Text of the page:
Miami-based Related Group has zeroed in on Orlando’s I-Drive tourism corridor for its next luxury multifamily project.
The roughly 20-acre site, north of International Drive and west of Daryl Carter Parkway, sits within the IDI Orange Planned Development, and currently has entitlements for 12,500 square feet of restaurant uses, 480 timeshare units and 225 hotel rooms.
Related Group is looking to amend the future land use to Planned Development-Activity Center Residential (PD-ACR), which allows for up to 481 multifamily units and 40,000 square feet of commercial.
More specifically, a land use plan shows Related Group wants to develop 420 multifamily units on the property. The community is in an area predominately occupied by hotels and resorts. Nearby tourist attractions include Walt Disney World, SeaWorld and the Orlando Vineland Premium Outlets mall.
A residential project could provide housing options and shorten commuting times for workers.
For more than two decades the land has remained vacant. The current property owner, Vitru Florida Inc., paid $8 million for it in 1998.
A hearing for the land use amendment is scheduled to go before Orange County’s Board of County Commissioners on July 8.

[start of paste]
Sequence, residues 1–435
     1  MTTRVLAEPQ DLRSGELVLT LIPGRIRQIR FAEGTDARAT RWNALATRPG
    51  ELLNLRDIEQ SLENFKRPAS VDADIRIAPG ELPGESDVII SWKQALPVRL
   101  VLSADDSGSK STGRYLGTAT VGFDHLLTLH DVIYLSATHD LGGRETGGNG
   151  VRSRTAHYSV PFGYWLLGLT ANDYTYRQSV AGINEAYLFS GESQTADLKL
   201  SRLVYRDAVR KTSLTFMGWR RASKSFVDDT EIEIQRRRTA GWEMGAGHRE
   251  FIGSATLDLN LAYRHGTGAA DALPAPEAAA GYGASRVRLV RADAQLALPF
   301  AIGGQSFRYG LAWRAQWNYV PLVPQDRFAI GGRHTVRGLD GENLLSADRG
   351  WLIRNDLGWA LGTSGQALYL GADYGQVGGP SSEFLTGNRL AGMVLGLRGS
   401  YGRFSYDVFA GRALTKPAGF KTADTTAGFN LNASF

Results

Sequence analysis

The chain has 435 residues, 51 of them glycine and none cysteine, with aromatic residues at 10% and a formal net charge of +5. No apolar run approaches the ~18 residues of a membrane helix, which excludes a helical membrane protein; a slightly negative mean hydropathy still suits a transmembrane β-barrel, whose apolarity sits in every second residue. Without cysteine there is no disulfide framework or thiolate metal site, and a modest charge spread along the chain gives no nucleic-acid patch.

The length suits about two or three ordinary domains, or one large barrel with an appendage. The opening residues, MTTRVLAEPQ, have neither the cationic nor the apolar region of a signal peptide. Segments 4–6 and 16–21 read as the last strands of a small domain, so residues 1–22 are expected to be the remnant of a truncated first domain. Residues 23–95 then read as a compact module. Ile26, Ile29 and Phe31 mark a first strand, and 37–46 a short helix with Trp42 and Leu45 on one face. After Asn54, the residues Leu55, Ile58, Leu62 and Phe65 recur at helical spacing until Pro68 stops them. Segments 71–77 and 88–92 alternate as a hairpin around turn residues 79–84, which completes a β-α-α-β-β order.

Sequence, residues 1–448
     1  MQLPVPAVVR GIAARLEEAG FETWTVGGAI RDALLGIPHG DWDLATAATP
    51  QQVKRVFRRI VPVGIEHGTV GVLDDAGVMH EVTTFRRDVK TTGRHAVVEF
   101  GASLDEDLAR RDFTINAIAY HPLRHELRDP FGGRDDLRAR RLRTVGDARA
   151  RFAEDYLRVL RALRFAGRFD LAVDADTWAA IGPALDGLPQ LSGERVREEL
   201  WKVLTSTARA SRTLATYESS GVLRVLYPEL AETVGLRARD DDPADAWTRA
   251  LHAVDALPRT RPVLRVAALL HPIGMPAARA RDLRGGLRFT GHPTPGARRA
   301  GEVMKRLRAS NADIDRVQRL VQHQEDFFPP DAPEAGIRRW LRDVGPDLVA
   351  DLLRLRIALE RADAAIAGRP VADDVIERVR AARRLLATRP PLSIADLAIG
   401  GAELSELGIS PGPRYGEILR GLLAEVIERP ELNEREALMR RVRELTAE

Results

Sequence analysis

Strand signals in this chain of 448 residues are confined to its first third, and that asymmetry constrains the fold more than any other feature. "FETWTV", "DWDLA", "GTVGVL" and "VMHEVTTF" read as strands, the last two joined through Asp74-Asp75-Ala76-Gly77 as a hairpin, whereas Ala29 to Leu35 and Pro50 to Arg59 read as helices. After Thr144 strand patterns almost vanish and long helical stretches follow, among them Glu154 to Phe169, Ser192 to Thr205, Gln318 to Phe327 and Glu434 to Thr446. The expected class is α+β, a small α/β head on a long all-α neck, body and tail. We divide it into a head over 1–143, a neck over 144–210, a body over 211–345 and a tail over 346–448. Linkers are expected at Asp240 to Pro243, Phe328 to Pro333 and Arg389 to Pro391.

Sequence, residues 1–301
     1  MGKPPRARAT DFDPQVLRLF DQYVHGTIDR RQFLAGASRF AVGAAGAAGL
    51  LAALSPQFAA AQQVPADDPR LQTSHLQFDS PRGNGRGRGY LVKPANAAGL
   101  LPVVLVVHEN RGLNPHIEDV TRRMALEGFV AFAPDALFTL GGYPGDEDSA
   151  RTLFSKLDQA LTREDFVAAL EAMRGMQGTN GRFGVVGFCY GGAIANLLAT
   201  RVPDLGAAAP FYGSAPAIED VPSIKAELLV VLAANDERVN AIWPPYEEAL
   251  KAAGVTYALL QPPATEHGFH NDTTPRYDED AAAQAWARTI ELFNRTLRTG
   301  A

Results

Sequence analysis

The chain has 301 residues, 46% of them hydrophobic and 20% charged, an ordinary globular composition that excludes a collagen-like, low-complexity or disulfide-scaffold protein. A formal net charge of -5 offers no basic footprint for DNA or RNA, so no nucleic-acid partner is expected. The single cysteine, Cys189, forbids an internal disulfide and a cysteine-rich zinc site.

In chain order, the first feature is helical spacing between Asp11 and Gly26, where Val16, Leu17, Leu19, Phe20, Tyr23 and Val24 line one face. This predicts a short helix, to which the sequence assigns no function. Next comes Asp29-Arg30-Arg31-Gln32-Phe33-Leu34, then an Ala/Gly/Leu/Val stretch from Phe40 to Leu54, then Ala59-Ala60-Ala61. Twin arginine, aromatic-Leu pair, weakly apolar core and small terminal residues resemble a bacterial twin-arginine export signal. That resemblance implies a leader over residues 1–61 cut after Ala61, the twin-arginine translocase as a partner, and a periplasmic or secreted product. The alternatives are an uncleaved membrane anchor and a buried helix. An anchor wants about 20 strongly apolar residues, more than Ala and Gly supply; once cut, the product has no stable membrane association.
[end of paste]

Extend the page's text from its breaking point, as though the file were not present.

Humphreys & Partners Architects is the assigned architect.
The yet-to-be-named project is one of several developments planned along the new Daryl Carter Parkway, which will eventually extend to Apopka-Vineland Road.
The Daryl Carter Parkway connector will run through Unicorp National Developments Inc.‘s billion-dollar O-Town West mixed-use project and a new $115 million high school at 7725 Palm Parkway. The school, scheduled to be completed by April 2022, will relieve crowding at Dr. Phillips and Freedom high schools.
Related Group is known to build luxury multifamily developments throughout in South Florida, Tampa, Orlando and Atlanta. Its first market-rate project in Orange County was its 350-unit Town Trelago luxury multifamily community in Maitland that it sold last year for $105 million.
The company has previously announced plans to continue to expand in Orlando, as well as other major metropolitan cities throughout the South.